Welcome to another edition of This Thing Rules! This is going to be a slightly different one as I’ll sort of be talking about TWO products this time instead of the usual one. The main review is about Ample Sound’s excellent Ample Guitar TC II, but I’ll also be talking about Jamstik+, a really cool guitar instructional tool that doubles as a MIDI guitar. While I’ll eventually be doing a full review of the Jamstik+, I had just gotten it when I received this new Ample Guitar software, and since their products are setup to quickly and easily use with a MIDI guitar, I figured it would be a great match.

Before diving any further into the review, take a listen to the demo I made called “Stand Up.”

Ample Guitar TC II is a wonderfully sampled Fender Telecaster (John English Masterbuilt). Ample Sound is known for high quality guitar samples, and this package is no different. Everything is sampled in ways to make any playing style from chords, hammer ons & pull offs to sustained notes, slides and palm mutes sound realistic. The VST you use to control the guitar offers tons of controls to make the guitar playing feel real, even when playing on a keyboard.

While you can just play around  on the keyboard with things just left to their defaults and get quite a great sound, the options available are incredibly robust. Settings for playing style are the beginning of it, but there’s also a tab player that lets you load in actual guitar tab to let the software play for you, and a strummer function that lets you “strum” different patterns and chords. Again, it all sounds incredibly real and warm and beautiful.

In my demo, “Stand Up,” I’m playing three layers of Ample Guitar. Two of them are played through the keyboard, although one is left fairly dry and the other run through some Guitar Rig 5 effects. The third was played through my Jamstik+ to add some actual strumming to the mix. A couple other sources were used as well to fill out the song and make it rock. I’m not the best guitar player, but I’m learning (and Jamstik is helping!). Since I’ve been doing many of the Jamstik tutorials and lessons lately (which like I said, I’ll be reviewing in a future This Thing Rules), I figured this would be the perfect opportunity to test out Jamstik’s MIDI Guitar capabilities.

Quite frankly, there’s not that much to say about it… It just works! I’ve always wanted a MIDI guitar, and the Jamstik works great. For those that are reading this and aren’t musicians and don’t know, when musicians use a keyboard to play samples and synth sounds through their computer, they’re usually using a MIDI keyboard. MIDI is the technology that lets you control those sounds that are in your computer software with that keyboard. Well a MIDI guitar works in pretty much the same way, except it’s a guitar, allowing you to strum and pick and play in all the ways that guitars differ from keyboards… Now in this example I’m using the MIDI guitar to play guitar sounds… Which may beg the question – why not just play a real guitar? Well it’s a good question, but I’ve got a good answer… with MIDI you are presented with all the notes you just played and can edit and adjust each individual note. It provides a great level of control over the performance that you just can’t get with a real guitar… especially if you’re not a great player… And I’m not a great player. Another cool thing about using a MIDI guitar is that you can play other instruments too. Play a piano with it, or a violin or even drums. Since you’re just controlling the instrument on your computer the same way we usually do with a keyboard, there’s no limit to what you can try with the a MIDI Guitar… But I’ll save any deeper discussion of that for my full Jamstik+ review.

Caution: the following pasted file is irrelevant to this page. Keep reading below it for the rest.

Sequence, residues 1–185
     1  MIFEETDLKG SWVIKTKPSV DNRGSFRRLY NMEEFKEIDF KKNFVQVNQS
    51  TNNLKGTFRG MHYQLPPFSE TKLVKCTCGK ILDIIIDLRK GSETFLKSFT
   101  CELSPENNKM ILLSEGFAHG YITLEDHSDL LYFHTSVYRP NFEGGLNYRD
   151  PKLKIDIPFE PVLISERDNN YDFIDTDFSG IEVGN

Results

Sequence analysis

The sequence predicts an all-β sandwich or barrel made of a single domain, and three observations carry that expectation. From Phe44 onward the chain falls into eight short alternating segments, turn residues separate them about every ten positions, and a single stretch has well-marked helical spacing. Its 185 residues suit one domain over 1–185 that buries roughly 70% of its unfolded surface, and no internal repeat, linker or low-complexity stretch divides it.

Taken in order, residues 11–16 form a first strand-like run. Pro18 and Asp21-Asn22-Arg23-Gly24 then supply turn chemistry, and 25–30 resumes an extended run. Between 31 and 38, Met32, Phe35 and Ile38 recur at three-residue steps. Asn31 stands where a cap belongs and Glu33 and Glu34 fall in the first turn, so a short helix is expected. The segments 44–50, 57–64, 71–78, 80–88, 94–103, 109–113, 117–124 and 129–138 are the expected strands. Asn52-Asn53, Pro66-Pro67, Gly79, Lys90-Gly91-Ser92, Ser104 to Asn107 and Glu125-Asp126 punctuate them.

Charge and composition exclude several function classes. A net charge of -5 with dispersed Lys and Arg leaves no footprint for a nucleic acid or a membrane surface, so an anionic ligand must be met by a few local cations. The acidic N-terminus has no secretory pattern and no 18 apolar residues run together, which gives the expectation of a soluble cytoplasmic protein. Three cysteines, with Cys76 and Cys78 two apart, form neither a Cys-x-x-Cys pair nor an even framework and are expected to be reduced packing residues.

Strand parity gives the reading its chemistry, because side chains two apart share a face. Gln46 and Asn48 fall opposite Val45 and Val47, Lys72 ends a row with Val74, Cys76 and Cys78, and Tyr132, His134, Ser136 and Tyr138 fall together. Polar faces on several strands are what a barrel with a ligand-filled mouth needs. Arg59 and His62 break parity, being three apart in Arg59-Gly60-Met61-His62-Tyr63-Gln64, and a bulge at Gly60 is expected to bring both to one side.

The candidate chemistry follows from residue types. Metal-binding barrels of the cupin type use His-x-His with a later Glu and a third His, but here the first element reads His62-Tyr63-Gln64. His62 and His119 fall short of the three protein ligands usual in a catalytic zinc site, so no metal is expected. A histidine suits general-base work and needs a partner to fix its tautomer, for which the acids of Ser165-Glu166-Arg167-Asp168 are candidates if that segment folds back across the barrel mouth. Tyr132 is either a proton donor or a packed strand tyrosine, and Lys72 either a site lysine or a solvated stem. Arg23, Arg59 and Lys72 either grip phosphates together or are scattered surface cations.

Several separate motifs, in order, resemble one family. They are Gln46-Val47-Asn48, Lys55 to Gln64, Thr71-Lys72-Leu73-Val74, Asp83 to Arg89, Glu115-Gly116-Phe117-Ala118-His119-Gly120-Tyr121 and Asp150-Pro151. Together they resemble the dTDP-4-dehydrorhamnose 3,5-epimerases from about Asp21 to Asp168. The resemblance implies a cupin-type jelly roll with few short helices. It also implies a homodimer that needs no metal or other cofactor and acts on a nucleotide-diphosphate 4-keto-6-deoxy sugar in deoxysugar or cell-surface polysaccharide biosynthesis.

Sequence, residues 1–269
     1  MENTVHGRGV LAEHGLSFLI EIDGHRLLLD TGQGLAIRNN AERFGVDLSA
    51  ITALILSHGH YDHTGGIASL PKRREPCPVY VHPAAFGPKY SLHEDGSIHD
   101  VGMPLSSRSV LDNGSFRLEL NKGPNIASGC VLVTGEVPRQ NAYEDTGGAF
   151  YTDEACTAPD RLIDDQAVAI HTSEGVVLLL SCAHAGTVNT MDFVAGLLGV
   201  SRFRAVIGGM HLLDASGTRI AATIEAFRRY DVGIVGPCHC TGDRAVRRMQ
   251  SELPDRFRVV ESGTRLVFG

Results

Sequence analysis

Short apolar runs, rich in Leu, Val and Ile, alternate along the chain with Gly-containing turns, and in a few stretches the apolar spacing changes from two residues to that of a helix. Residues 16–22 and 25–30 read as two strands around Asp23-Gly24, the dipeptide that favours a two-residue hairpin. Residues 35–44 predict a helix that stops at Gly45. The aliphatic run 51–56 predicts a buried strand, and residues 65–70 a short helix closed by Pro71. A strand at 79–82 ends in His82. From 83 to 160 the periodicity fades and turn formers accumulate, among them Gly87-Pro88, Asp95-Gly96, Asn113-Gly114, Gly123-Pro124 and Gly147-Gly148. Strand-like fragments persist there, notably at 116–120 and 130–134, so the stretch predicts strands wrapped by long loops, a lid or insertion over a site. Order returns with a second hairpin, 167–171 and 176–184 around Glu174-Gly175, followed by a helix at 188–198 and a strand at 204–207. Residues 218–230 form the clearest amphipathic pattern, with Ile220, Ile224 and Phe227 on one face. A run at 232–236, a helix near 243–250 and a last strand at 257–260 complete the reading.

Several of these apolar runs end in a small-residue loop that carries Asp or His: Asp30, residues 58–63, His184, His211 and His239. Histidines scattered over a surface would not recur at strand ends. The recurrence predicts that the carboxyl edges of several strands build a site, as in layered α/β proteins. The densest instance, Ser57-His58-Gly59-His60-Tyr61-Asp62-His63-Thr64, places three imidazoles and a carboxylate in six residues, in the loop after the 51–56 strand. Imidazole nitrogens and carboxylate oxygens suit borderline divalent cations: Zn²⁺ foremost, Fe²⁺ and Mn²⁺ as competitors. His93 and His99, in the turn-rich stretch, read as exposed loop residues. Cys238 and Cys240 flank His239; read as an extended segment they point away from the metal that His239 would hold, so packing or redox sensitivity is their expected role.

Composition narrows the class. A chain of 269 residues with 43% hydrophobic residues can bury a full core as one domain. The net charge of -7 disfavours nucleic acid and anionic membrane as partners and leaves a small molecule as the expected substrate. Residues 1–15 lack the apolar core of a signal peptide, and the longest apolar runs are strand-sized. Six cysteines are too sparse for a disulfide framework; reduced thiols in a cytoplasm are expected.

Back to Ample Guitar TC II, I’d like to again make it clear that I’m not a guitar player. I dabble and can throw some chords together, but I am not a guitar player. That said, playing the little bit of guitar I can play, and adding in Ample Guitar to fill in what I can’t do is going to be a huge plus moving forward in my career. It’s so realistic (especially if you take the time to play with the settings and articulations, as well as adding effects to get it to sound its best), that I really believe that even the most hardcore would be hard pressed to tell the difference. In the time it’s taken me to write this review, I’ve already used Ample Guitar on 3 songs on my upcoming third album. Adding guitar with a real guitar is tough for me because of my novice abilities, but adding Ample Guitar makes it possible.

Like a real guitar, Ample Guitar TC II is something that will only get better as I continue to use it… Like they always say – practice makes perfect. And don’t worry, I’m practicing the real guitar too haha.

Ample Guitar TC II is available now from Ample Sound for $119. I definitely recommend checking out the demos on their site to get an even bigger sense of what can be done with it. I’ll be continuing to use it for a long time, and probably adding more of the Ample Sound libraries to my collection in the future.

David Rosen is an award-winning music composer. He composes original music for films, commercials, jingles, video-games and all other kinds of media projects. He has a vast music library of original tracks available for licensing and is also available for custom compositions. Contact him on theABOUT page for pricing and availability for your next project.